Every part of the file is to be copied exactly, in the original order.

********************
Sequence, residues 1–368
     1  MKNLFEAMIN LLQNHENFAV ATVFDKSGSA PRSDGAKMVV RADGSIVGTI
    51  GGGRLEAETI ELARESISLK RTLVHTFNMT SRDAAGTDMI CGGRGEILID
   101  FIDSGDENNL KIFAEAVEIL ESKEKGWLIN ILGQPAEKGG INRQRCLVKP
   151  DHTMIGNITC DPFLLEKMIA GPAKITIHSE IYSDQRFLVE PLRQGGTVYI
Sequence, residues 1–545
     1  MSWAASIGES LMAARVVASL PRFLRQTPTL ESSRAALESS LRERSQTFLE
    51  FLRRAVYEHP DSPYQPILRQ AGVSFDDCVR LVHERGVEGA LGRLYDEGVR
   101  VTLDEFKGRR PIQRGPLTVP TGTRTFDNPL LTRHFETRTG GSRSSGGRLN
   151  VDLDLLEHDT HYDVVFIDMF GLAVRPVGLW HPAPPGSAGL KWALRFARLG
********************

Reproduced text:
Sequence, residues 1–368
     1  MKNLFEAMIN LLQNHENFAV ATVFDKSGSA PRSDGAKMVV RADGSIVGTI
    51  GGGRLEAETI ELARESISLK RTLVHTFNMT SRDAAGTDMI CGGRGEILID
   101  FIDSGDENNL KIFAEAVEIL ESKEKGWLIN ILGQPAEKGG INRQRCLVKP
   151  DHTMIGNITC DPFLLEKMIA GPAKITIHSE IYSDQRFLVE PLRQGGTVYI
Sequence, residues 1–545
     1  MSWAASIGES LMAARVVASL PRFLRQTPTL ESSRAALESS LRERSQTFLE
    51  FLRRAVYEHP DSPYQPILRQ AGVSFDDCVR LVHERGVEGA LGRLYDEGVR
   101  VTLDEFKGRR PIQRGPLTVP TGTRTFDNPL LTRHFETRTG GSRSSGGRLN
   151  VDLDLLEHDT HYDVVFIDMF GLAVRPVGLW HPAPPGSAGL KWALRFARLG